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“The government tried to ban me from the dark web. I downloaded the TOR browser and came back. I went to look for a VPN, I just bought another BIN ”, raps Teejayx6, a 19-year-old from east Detroit. Adorned with a black ski mask, the young rapper illustrates in detail the process of accessing the dark web, right down to the bank identification numbers it uses to carry out fraudulent transactions. Welcome to the fringe world of scam rap, a viral subgenre that prides itself and breaks down fraudulent activity step by step for listeners.

Detroit and the rise of fraudulent rap

Mentions of fraudulent activity in music are nothing new. Future, Meek Mill, City Girls, and Kodak Black are all on the rapper’s long list with scam-related lyrics. You have probably already been introduced to this subgenre even if you don’t follow any of the artists mentioned.

In The Secret Life of Pets 2, Kevin Hart voiced a bunny named Snowball, a former anti-human revolutionary who came to believe he is a superhero. The movie ended with Snowball rapping Desiigner’s 2015 Panda smash. “Credit cards and crooks!” Snowball yelled in a snapback as fraudulent rap quickly infiltrated the children’s film pantheon.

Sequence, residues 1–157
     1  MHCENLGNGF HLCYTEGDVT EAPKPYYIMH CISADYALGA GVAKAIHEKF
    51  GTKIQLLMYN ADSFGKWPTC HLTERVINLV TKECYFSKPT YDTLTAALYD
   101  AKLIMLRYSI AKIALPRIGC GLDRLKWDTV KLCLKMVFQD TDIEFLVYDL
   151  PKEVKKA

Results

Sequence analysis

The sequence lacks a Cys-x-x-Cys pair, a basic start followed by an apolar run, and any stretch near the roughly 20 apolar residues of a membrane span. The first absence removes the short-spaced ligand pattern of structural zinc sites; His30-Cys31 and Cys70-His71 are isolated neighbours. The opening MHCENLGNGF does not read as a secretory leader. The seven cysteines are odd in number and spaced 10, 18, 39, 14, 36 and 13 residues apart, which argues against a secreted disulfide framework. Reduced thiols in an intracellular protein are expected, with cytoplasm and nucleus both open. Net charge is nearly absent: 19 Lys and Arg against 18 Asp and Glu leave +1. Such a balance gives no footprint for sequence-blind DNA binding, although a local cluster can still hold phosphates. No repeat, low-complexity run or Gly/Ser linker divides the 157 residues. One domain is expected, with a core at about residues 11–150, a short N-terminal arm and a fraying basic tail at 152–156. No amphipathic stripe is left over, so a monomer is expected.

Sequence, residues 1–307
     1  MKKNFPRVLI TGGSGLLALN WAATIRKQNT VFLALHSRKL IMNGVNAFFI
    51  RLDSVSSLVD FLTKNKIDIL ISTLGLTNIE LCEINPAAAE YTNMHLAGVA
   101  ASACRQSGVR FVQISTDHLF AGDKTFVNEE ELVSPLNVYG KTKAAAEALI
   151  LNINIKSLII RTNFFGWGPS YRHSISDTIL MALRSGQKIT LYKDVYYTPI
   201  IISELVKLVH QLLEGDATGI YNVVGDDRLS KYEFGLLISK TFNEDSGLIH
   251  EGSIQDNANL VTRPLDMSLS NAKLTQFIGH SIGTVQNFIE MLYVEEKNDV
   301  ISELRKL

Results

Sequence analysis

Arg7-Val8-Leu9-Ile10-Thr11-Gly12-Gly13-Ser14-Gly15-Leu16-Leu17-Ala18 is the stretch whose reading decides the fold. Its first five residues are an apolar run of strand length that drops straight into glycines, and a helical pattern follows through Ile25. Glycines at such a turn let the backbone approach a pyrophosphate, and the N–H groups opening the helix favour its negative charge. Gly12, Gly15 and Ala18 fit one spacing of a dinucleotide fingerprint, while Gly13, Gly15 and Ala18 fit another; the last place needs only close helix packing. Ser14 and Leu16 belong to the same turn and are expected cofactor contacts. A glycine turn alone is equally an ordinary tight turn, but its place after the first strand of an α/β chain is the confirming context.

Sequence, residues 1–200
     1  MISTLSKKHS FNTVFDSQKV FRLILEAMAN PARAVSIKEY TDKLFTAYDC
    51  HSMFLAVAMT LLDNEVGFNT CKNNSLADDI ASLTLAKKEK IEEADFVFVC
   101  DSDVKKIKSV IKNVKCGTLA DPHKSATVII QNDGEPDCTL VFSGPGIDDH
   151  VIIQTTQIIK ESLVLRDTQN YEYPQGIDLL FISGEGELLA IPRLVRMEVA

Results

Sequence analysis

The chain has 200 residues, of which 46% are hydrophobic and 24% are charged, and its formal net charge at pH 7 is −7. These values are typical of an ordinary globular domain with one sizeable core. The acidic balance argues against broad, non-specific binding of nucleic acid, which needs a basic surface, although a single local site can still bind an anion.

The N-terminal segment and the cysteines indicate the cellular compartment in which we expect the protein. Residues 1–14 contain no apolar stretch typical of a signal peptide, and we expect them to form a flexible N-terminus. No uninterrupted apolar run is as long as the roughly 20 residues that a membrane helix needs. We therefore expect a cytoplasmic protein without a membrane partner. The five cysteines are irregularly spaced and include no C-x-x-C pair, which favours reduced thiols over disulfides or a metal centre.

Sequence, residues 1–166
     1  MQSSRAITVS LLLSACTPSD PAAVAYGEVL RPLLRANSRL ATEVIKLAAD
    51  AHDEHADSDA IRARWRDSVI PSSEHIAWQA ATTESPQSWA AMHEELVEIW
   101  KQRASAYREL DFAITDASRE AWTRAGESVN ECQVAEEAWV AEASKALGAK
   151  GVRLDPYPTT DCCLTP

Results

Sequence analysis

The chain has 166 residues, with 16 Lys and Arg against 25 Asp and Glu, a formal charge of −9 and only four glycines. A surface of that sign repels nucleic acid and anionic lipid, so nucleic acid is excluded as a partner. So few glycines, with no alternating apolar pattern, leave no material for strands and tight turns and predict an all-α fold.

Scam rap has been associated with artists based in Detroit where the subgenre is deeply rooted in credit card fraud, identity theft and other illicit means of separating people from their money. Credited with his own rap scene, the fraudulent rap in particular seems to be coming out of Motor City with many upcoming rappers mentioning the scam in their lyrics.

While not exclusive to Detroit, the city’s scam rap can be distinguished from others by its quirky flow and rap style. Artists like Kosher Quon and 10kkev Take advantage of the bouncy rhythms filled with powerful synths to produce sounds similar to a “loading screen on a low budget video game”. Their rap style falls somewhere between frenzy and monotony to create a feverish energy that ends up matching the anxious feelings of the fraudulent lifestyle they are said to be living in.

The face of rap scams at 19

Fraudulent rap surfaced in 2017 when Bossman Rich released his single ‘Jugger is not real. The track featured the rapper flashing stacks of cash while making quirky rhymes about BINs, Bitcoins, and credit card frauds. Interest in the subgenre as well as real scam cases peaked after that.